Information provided by Mark Todd (aka “The Cheese Dude”), consultant for the California Milk Advisory Board

The most popular cheese in the world, cheddar is named after the Cheddar Gorge in England, where it was first developed by cheese makers. Cheddar
describes a family of semihard and hard cheeses, offering a range of flavors, from mild to very sharp. Mild cheddar is aged 30 to 90 days; medium cheddar is aged 90 days to six months; and aged or sharp cheddar is aged for six months or longer. Cheddars can age for a decade or more under ideal conditions, and they develop more intense flavors, different textures and cooking properties as they age, so it’s important to know the age of the cheddar. When wrapped in wax, the color of the wax denotes the flavor of the cheese: clear wax for mild, red for medium and black for sharp.

Cheddar is available natural or colored. The coloring is derived from the achiote plant’s annatto seed. This version adds color to dishes, particularly when melted and browned. Creamy white and marbled cheddars are also available. The texture of cheddar is smooth and firm, but becomes more granular and crumbly as it ages. Being a whole-milk cheese, cheddar melts well, but due to its slightly lower moisture content, it does not flow as well as whole-milk mozzarella. It does, however, have more flavor. 



Information provided by the Wisconsin Milk Marketing Board.

Known as the king of Italian cheeses, Parmesan originated in the Reggio and Parma regions of Italy. Its flavor is sweet, buttery and nutty compared to the sharper and more piquant flavor of Romano, and its flavor intensifies with age. Parmesan is made from part-skim milk and has a granular texture. In Italy, it’s common to serve Parmesan for dessert with fresh figs, walnuts and a sweet red wine. 

Note that some commercially grated cheeses contain anticaking ingredients that prevent them from incorporating completely into sauces. Freshly grated cheese can produce smoother sauces.




Information provided by the Wisconsin Milk Marketing Board

Provolone producers use more and different cultures to make provolone, compared to mozzarella. These cultures result in fuller flavors and allow provolone to age well. The flavor is slightly piquant when young, and becomes sharper as it ages; the firm texture becomes granular with age. Like mozzarella, it is a pasta filata cheese, meaning that the cheese curds are kneaded and pulled as opposed to being stirred during its creation; this creates the pull when the cheese melts. 

In earlier times, Italian cheese makers heated curing rooms with wood fires, which imparted a slightly smoky flavor to the cheese; today, both smoked and unsmoked varieties are available. 





Information provided by the Wisconsin Milk Marketing Board

Italian cheese makers originally produced ricotta from the whey that remained after making mozzarella and provolone. They added lactic acid or vinegar to the whey and reheated it almost to boiling (ricotta means “recooked”); this process caused the curds to separate and rise to the surface, where they were skimmed off and drained.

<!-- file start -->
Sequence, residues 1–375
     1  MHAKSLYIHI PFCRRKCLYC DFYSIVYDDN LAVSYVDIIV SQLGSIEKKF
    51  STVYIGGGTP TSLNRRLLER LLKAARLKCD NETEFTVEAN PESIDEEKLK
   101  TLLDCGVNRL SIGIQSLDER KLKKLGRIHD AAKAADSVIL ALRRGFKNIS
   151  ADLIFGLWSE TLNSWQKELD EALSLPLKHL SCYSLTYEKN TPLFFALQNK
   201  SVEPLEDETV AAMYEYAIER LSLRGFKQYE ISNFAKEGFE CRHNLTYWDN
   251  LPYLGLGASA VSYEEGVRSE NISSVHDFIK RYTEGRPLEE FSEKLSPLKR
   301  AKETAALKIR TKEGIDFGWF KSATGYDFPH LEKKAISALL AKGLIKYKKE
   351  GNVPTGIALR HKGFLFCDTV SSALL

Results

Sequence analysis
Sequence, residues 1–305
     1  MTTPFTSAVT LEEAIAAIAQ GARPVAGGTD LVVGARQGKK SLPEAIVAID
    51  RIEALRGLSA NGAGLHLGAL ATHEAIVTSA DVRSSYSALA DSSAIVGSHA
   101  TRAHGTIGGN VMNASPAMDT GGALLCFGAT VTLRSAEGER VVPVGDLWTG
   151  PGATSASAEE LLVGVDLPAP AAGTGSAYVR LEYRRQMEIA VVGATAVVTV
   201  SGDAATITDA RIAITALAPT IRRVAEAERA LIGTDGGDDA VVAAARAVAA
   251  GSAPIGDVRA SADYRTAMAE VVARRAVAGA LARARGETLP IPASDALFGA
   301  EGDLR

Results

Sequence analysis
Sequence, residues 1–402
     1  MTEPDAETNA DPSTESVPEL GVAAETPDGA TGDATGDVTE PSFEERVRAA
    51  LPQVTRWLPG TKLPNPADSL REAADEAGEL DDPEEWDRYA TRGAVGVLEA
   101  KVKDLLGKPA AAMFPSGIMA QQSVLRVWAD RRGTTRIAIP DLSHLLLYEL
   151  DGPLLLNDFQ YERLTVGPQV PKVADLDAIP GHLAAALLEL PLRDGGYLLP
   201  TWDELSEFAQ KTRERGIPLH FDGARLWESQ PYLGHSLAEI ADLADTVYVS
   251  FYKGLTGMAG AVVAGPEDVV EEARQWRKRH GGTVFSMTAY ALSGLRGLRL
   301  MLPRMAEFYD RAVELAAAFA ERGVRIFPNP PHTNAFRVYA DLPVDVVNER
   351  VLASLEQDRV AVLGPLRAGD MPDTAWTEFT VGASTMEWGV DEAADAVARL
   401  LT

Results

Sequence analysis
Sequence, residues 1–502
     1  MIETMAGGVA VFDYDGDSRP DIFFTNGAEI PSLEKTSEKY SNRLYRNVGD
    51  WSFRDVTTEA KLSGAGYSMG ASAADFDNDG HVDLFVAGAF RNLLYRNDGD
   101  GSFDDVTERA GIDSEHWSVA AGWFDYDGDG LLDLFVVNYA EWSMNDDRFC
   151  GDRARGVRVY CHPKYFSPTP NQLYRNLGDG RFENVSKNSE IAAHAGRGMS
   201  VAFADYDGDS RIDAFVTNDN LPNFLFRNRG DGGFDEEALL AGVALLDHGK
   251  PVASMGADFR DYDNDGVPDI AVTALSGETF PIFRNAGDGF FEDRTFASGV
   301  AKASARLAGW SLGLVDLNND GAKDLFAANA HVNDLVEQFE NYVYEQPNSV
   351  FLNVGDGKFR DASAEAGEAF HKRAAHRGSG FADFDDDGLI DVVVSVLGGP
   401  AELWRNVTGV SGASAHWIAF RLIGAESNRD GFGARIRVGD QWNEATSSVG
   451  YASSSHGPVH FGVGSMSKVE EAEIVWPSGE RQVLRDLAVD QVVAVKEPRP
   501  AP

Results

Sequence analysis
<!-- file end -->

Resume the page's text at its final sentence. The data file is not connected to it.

Available in nonfat to whole-milk varieties, ricotta has a milky, delicate, mild, fresh flavor with a hint of sweetness, and offers a creamy yet slightly grainy curd. Whey or part-skim ricotta provides the firmest texture for stuffing in dishes such as lasagna, while wholemilk ricotta is softer and creamier, well-suited to being encased in ravioli or tortellini. Ricotta is also an excellent cooking cheese because of its cohesive
texture, which binds ingredients. 





Information provided by Mark Todd (aka “The Cheese Dude”), consultant for the California Milk Advisory Board

Mozzarella originated in Italy, as both a fresh, soft cheese with a high moisture content, and as a lower-moisture semihard variety. Thanks to the popularity of pizza, it’s the second most-popular cheese in the United States. Fresh mozzarella can be formed in small white balls (bocconcini) or larger forms, and is usually packed in water; it has a delicate flavor and a soft, creamy texture. Semihard mozzarella is creamy white in color, and may be produced in balls or blocks. Mozzarella has a mild, milky flavor and a smooth, elastic texture. Fresh mozzarella is easy to slice and typically served uncooked; semihard mozzarella is easily sliced, cubed or shredded, and often added on top of foods to be cooked. 

Mozzarella is available in part-skim and whole-milk varieties, and these two types cook differently. Whole-milk cheeses melt and flow well, but resist browning; part-skim cheeses brown readily, but do not flow to cover well. A blend of the two will give the desired effect of browning and flowing to cover a pizza crust or other dish. Also try adding smoked mozzarella to the menu; a small amount in any dish gives great depth of flavor.



Information provided by Adam Buholzer, vice president of production, Klondike Cheese Company; and the Wisconsin Milk Marketing Board

Originally a Greek cheese, feta was often made with sheep or goat milk, but now is commonly made in the United States with cow milk. Feta doesn’t melt and provides a piquant tang to dishes; the versatile cheese is most commonly used in salads. Feta is also available in flavored varieties, such as tomato-basil or herb. Cheese makers refer to feta as “pickled” because after formation it’s packed in brine, which preserves the cheese for approximately six months longer than most fresh cheeses. The result is a tart, salty flavor with a crumbly, moist texture. 

Tracy Morin is PMQ's managing editor.

Food & Ingredients